Crockett Tavern holds celebration in honor of Davy Crockett’s birthday

Sally Baker, Crockett Tavern Museum director, holds the 233rd birthday cookie cake. From left to right, Kenneth Sillow, Kyle’s Ford, Phillip Bradburry, of Morristown, Kellen Hightower and Carolina Hightower. Go online to www.citizentribune.com for video coverage of Crockett’s Birthday.

Isaac Hendershot swung the hammer down hard on the hot metal iron that glowed bright orange. A clang rang out and he swung again and again.

The metal, still in a bar, was being flattened out little by little as the Kingsport blacksmith applied his trade.

“I’m working on a small knife,” Hendershot said.

Hendershot and other reenactors were in full force Saturday afternoon at the Crockett Tavern Museum to celebrate the 233rrd birthday of Davy Crockett.

Along the grassy lawn of the museum were demonstrations of period music, agruculture, milling and blacksmithing.

But no birthday party would be complete without a cake and the museum had that as well with two cookie cakes.

The highlight of the party, thought, were the arrival of almost 10 of Davy Crockett’s direct descendents. They came from as far away as Texas and Oklahoma to attend the event.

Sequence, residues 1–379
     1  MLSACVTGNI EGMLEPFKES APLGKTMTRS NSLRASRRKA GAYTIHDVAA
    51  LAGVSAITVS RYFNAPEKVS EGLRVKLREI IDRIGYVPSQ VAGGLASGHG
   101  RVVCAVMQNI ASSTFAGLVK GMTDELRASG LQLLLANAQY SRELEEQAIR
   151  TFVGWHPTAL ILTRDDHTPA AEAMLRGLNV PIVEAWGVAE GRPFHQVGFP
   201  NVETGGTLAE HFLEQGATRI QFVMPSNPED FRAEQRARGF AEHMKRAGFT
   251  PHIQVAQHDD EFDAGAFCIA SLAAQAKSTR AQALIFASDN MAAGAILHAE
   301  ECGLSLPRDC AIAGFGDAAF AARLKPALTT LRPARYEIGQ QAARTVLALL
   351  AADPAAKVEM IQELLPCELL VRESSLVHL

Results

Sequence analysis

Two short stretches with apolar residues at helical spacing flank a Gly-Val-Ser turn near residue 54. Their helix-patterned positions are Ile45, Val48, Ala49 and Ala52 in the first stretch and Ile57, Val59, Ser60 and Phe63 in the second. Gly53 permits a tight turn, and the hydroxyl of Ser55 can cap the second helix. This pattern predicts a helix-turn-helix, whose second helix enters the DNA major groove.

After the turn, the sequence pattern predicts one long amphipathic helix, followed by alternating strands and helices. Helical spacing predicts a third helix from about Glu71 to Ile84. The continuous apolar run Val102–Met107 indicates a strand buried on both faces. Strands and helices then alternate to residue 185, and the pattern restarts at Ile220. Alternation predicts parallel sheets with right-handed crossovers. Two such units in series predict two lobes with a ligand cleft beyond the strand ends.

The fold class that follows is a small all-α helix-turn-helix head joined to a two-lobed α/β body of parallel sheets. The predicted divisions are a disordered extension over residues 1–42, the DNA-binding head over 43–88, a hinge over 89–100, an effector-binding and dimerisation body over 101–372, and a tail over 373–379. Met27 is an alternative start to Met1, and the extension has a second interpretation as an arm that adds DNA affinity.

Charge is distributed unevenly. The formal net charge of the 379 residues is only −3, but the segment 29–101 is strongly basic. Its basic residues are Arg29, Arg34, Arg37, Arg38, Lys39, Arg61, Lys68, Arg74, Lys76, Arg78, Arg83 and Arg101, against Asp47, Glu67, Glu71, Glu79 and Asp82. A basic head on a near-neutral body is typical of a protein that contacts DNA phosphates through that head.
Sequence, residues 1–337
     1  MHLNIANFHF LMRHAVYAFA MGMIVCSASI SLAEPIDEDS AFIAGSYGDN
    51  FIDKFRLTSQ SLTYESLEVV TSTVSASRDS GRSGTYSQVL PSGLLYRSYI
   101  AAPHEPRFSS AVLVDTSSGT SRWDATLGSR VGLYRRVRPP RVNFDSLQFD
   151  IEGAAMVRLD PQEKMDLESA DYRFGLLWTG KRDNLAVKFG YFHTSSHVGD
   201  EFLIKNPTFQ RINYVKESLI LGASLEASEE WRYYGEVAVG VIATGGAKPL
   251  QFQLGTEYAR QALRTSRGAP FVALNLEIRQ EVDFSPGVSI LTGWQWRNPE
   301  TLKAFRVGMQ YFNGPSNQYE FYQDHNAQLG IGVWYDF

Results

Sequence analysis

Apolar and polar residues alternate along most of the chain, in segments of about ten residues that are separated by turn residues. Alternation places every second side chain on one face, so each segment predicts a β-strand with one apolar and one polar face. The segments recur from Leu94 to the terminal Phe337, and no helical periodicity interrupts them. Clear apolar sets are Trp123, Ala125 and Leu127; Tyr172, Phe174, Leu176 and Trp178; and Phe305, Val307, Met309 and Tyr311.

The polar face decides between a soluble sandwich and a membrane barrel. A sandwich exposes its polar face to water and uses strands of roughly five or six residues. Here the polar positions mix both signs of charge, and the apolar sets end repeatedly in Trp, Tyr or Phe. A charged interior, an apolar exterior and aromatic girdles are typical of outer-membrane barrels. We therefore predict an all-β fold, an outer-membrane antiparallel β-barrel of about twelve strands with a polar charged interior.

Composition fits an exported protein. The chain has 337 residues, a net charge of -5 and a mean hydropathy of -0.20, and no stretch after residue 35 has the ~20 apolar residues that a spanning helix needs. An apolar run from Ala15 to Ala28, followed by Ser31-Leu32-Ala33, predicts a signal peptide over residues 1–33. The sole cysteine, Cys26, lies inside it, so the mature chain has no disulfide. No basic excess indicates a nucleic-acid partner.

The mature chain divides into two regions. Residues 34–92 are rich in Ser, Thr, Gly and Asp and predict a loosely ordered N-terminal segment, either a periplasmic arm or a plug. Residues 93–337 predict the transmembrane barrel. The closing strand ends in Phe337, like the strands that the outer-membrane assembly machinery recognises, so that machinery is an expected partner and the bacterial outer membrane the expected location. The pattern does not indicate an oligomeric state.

Tim Massey, president of Crockett’s Descendents, said the group had decided to hold its annual board meeting in Greeneville to coincide with Crockett Tavern Museum’s birthday celebration and Crockett Days at Davy Crockett’s birthplace in Greeneville.

“We came to the birthplace this morning and came here today,” he said.

Larry Brennam, a descendant, came from Apex, North Carolina. He stood at the festival wearing a coonskin cap and period buckskin leather clothes.

Brennam said he has played Davy Crockett often.

“I used to do reenactments down in San Antonio at the Alamo,” he said. “I was Davy Crockett.”

For Peggy Turner, of Sulphur Springs, Texas, it was her first time visiting East Tennesssee.

“I haven’t been able to get to these kind of places in a long time,” she said.

Katherine West, of Amarillo, Texas, brought three generations of Crockett descendants to the event. She is fourth generation, while her daughter is fifth generation and her granddaughter is sixth generation.

It was also her first time to East Tennessee.

“I’m enjoying it,” she said. “It’s beautiful here.”

Brennam said what they are trying to do is simple. For several, the legendary frontiersman who died at the Alamo is their uncle or grandfather.

“We’re trying to keep Crockett alive,” he said.